The Multi-Angle Snowflake Camera, or MASC, a new addition to the School of Marine and Atmospheric Sciences, will help Stony Brook University researchers gather better data on snowstorms and create more accurate numerical models for forecasts.
As part of the National Science Foundation project titled “Collaborative Research: Observations and modeling of mesoscale precipitation banding in cool-season winter storms,” the MASC was installed on top of Endeavor Hall in the south campus and serves to capture photos of snowflakes during snowstorms.
The research project is a collaborative effort between Stony Brook University and North Carolina State University aimed to reduce the amount of uncertainties of weather forecast by analyzing data collected during snowstorms, Sandra Yuter, professor of marine, earth, and atmospheric sciences at North Carolina State University and collaborator of the project, said in an email.
Brian Colle, professor of atmospheric science at the School of Marine and Atmospheric Sciences, leads the Stony Brook team and is in charge of numerical modeling and data collecting.
Before the MASC, data collecting was done by “brute force” and often happened at the dead of night, Colle said.
“We were using a cold shed outside and a stereo-microscope,” he said. “We did this for several years with myself and students where we would go out in the middle of the storm and collect snowflakes on glass plate and study the flakes under the microscope.”
Now they can collect and study snowflake data in the warmth and comfort of their homes and offices.
According to Colle, the installation of the MASC not only reduced the amount of manual labor associated with data collection, but also sped up the collecting process.
“It was very manually extensive, and as a result we can only take an observation every 15 to 30 minutes,” he said. “But now this instrument is recording every time a snowflake triggers the sensors.”
The MASC, developed by professor Tim Garrett of the University of Utah, roughly resembles an unfolded folding fan with three 5-megapixel cameras and three flashlights mounted on top, all pointing at a decagon shaped ring at one end of the device.
When a snowflake passes through a 1-by-1 inch area within the ring. The MASC captures close-up photos of it from three angles in real time, while measuring its descending speed. According to the MASC website, the camera can capture snowflakes ranging in size from 100 micrometers to three centimeters.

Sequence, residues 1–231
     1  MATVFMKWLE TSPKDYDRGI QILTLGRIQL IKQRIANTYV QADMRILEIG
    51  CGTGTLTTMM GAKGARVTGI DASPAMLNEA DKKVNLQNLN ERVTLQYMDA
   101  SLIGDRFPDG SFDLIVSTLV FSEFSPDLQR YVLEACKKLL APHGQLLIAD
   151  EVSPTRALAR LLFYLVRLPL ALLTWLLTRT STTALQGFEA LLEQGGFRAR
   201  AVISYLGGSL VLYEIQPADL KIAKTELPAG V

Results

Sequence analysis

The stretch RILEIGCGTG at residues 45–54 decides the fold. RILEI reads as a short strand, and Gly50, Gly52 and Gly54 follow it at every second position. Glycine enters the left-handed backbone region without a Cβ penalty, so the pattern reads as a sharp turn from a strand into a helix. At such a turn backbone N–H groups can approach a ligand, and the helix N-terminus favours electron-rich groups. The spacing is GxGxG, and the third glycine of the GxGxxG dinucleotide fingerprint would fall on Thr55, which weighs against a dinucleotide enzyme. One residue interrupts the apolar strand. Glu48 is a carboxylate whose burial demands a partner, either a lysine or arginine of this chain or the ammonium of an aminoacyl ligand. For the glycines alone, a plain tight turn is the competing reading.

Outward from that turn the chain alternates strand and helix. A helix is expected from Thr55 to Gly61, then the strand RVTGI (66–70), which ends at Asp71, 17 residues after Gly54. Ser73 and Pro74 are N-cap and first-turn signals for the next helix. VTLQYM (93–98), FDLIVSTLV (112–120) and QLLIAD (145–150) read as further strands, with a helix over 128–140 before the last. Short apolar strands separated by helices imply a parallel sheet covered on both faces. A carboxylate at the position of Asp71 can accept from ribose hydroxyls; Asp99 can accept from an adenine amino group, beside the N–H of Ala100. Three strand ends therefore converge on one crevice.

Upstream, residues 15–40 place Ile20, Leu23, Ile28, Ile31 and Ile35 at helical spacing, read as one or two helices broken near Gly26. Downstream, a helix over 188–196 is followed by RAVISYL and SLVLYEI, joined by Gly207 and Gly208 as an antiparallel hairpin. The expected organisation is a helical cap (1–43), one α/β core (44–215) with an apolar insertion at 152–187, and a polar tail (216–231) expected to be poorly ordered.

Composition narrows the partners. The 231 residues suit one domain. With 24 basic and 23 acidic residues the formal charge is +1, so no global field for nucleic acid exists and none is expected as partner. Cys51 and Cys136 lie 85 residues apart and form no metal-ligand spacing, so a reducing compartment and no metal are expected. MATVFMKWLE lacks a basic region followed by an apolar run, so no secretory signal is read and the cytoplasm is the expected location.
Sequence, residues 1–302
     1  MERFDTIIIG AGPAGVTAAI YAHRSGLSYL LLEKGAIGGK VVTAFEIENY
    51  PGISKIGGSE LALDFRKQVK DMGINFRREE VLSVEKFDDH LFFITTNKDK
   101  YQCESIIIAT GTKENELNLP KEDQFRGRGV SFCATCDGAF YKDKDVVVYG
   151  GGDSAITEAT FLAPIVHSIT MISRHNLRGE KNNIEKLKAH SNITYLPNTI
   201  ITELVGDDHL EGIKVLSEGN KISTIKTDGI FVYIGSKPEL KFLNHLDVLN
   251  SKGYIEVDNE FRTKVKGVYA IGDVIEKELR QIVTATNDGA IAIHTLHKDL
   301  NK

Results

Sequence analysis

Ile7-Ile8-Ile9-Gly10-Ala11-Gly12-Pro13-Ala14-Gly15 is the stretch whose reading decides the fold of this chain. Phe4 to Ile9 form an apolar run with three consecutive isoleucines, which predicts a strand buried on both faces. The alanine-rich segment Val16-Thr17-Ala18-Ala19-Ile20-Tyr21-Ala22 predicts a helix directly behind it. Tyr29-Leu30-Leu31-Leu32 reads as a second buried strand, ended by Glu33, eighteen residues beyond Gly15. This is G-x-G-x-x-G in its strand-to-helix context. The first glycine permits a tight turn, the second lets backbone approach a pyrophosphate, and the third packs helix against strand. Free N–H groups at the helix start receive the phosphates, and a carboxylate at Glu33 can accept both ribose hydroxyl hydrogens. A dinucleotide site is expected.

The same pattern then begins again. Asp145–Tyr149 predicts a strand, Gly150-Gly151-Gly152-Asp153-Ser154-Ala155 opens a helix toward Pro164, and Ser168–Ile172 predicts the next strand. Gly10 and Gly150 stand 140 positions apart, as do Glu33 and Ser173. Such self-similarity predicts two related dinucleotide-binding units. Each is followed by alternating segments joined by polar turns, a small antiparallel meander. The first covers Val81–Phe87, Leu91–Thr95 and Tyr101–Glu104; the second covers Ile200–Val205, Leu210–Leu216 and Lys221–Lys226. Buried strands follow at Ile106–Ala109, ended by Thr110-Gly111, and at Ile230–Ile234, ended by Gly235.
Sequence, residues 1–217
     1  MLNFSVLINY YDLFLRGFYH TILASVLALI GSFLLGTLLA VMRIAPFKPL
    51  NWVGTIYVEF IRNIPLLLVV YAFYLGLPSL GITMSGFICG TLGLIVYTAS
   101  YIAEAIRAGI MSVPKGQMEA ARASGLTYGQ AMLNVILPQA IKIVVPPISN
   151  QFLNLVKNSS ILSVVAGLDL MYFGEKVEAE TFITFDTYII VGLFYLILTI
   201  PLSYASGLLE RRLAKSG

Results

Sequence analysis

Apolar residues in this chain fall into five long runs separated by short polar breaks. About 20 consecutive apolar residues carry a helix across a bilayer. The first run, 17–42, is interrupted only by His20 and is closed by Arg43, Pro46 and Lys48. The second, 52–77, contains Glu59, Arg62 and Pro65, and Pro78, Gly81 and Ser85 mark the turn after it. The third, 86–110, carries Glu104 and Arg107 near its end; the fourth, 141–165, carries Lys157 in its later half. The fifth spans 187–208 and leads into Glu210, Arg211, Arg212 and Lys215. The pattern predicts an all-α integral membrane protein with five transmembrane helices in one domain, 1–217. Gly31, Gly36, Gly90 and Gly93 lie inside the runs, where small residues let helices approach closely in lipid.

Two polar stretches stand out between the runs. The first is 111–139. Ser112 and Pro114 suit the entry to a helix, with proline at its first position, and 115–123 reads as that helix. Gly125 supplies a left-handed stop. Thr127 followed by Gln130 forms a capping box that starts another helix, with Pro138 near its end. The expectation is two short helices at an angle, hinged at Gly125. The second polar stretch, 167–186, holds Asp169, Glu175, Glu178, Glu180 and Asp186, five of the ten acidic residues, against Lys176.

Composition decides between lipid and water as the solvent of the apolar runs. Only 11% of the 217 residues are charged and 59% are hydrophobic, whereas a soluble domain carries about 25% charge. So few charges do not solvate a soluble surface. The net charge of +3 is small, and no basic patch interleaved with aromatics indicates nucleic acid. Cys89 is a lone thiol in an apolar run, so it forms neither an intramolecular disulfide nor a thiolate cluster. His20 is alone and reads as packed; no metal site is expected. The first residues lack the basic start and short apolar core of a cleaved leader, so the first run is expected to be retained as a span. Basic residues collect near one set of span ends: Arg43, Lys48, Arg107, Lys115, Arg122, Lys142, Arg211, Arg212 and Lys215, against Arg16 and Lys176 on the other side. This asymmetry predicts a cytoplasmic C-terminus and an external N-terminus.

The photos are automatically composited and uploaded to a website that updates every 10 seconds and is accessible to the public.
The photographs offer two areas of focus for Colle and his colleagues: the habit type, or formation of snowflakes, and the amount of water captured by a snowflake as it descends through the clouds.
Understanding of cloud formations, or the lack there of, is a major contributing factor of inaccurate snow forecast.
“To get the forecasts right, we have to understand the processes inside the clouds better,” Colle said.
According to Colle, snowflakes with more water attached to them form a denser and firmer snow that has a lower accumulation than snowflakes with less water, which form a fluffier and softer snow.
A recent example would be Winter Storm Juno. Weather forecasts predicted that the storm would bring 18–24 inches of snow accumulation with temperature near the freezing point in the Stony Brook area.
Colle and his team expected the MASC to capture photos of lighter, fluffier snow. Instead, the snowflakes captured more water, resulting in a denser snow that only accumulated to about 16 inches.
A Microwave Rain Radar, MRR, is used in unison with the MASC to collect the vertical profile of cloud structures about Stony Brook during snowstorms.
Sara Ganetis, a fourth-year Ph.D. candidate in marine and atmospheric sciences and research assistant on the project, compares the recorded data from both the MASC and MRR with previous weather models to evaluate patterns and inaccuracies.
“We run our own weather model in a research setting to recreate storms,” she said. “So we need actual observations to compare to what we are creating to see if it’s actually usable to study small scale processes and the detail of the actual storms.”
The project will last for three years with plenty of work to be done and snowstorms to be had, but Colle describes himself as “one of the few people that looks forward to going to work during a snowstorm.”